Cosatu on Friday welcomed a Cabinet decision to appoint a special committee for Gauteng freeways, but maintained that e-tolling was not acceptable.
“We are confident that it will find a more equitable and efficient model than e-tolling, which has become so discredited, unpopular and impractical,” the Congress of SA Trade Unions said.
Earlier in the day, Cabinet announced a special committee would be formed to co-ordinate all work around the Gauteng Freeway Improvement Project (GFIP).
The committee's brief is to move rapidly to ensure that the financial stability of the SA National Roads Agency Ltd (Sanral) was unaffected.
Cosatu said in a statement it expected the committee would work closely with the ANC and Cosatu's joint task team.
This team had already started researching alternative models for funding road construction and improvements.
Cosatu said it agreed with Minister of Performance Monitoring and Evaluation, Collins Chabane, who said earlier on Friday that decisions taken regarding the GFIP would impact on future infrastructure funding.
“Cosatu fully agrees that the government must act responsibly, and ensure it and state-owned enterprises honour their financial obligations timeously.”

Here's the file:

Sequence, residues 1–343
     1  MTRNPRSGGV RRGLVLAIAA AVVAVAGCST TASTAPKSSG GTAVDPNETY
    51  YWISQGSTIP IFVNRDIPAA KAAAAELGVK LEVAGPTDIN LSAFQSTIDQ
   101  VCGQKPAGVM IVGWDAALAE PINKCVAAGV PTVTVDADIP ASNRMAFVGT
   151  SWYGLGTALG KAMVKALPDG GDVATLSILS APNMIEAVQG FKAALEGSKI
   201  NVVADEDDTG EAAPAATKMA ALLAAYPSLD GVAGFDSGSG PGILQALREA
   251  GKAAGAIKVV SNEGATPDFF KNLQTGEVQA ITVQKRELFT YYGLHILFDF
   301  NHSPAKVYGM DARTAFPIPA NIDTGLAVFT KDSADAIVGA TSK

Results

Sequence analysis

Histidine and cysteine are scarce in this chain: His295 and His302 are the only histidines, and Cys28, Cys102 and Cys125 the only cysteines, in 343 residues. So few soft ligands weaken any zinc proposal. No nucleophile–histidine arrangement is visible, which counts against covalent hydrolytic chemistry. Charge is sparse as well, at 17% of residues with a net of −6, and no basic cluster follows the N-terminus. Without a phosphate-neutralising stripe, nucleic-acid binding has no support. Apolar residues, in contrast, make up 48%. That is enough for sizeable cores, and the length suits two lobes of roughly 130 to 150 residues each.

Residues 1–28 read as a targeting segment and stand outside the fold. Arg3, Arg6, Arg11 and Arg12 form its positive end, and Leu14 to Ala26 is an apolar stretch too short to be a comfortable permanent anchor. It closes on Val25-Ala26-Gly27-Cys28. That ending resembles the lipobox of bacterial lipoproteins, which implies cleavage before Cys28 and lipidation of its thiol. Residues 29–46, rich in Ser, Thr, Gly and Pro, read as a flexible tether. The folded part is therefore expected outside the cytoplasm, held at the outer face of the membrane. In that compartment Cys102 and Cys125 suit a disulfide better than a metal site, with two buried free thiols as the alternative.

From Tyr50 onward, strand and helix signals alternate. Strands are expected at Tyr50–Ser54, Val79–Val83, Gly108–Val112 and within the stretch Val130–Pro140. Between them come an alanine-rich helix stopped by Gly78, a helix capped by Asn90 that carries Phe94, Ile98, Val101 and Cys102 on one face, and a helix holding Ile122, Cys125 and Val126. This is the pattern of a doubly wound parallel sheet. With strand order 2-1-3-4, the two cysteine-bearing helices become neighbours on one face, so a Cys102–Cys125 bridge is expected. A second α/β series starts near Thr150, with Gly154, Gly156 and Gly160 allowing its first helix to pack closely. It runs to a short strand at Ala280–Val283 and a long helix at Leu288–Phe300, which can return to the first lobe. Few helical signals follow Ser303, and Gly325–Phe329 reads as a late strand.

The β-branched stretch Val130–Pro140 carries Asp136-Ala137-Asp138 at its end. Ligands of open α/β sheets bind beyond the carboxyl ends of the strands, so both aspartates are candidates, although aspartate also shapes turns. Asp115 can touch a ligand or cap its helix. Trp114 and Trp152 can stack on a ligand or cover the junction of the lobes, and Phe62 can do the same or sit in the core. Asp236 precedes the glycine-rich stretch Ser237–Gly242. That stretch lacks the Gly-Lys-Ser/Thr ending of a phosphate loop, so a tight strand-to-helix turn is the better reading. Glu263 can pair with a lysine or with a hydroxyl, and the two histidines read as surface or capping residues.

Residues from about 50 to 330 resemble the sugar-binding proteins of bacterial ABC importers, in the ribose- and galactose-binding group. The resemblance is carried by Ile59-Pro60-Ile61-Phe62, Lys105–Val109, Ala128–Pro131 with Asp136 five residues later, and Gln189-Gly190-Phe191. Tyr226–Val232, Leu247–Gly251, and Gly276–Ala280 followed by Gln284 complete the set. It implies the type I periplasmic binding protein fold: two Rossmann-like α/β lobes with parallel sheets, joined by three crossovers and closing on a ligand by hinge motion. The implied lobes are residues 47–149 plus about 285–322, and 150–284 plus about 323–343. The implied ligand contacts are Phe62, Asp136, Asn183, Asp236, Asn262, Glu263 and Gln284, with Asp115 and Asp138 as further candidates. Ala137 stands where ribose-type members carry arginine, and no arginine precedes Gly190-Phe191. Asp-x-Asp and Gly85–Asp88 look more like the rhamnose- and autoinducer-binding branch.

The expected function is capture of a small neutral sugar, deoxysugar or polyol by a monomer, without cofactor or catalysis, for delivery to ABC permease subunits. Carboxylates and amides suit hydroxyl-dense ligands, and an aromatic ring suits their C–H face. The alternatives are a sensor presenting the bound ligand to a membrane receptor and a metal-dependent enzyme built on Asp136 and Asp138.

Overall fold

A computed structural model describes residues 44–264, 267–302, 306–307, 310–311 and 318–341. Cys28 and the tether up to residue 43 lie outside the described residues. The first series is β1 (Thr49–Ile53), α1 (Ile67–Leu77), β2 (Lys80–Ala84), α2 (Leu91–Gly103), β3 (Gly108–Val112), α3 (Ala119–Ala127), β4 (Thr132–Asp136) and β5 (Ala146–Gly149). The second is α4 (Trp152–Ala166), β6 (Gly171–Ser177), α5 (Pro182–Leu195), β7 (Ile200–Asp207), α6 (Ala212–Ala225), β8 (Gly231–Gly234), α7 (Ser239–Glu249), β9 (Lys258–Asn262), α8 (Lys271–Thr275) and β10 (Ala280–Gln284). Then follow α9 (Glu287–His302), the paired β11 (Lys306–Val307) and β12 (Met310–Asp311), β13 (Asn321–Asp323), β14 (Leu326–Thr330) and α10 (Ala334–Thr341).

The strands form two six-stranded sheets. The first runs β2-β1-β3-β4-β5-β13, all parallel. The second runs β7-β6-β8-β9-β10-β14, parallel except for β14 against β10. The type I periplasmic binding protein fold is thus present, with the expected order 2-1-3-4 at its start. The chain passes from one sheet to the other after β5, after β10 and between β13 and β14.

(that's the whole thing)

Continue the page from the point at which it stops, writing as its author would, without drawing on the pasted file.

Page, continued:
Cosatu said it would insist that e-tolling was no longer an option. Other ways had to be found to meet the government's objectives.
Chabane said the government had to act responsibly, and ensure it and state-owned enterprises (SOEs) honoured their financial obligations timeously, he said.
“Government must also ensure that nothing compromises the huge infrastructure programme which is crucial for raising the level of South Africa's economic growth, and for raising the standard of living of citizens, especially the poor and unemployed.”
Sanral had planned to introduce e-tolling in Gauteng on May 1.
However, a court ruling issued on Saturday halted the e-tolling plans pending the outcome of a full court review. - Sapa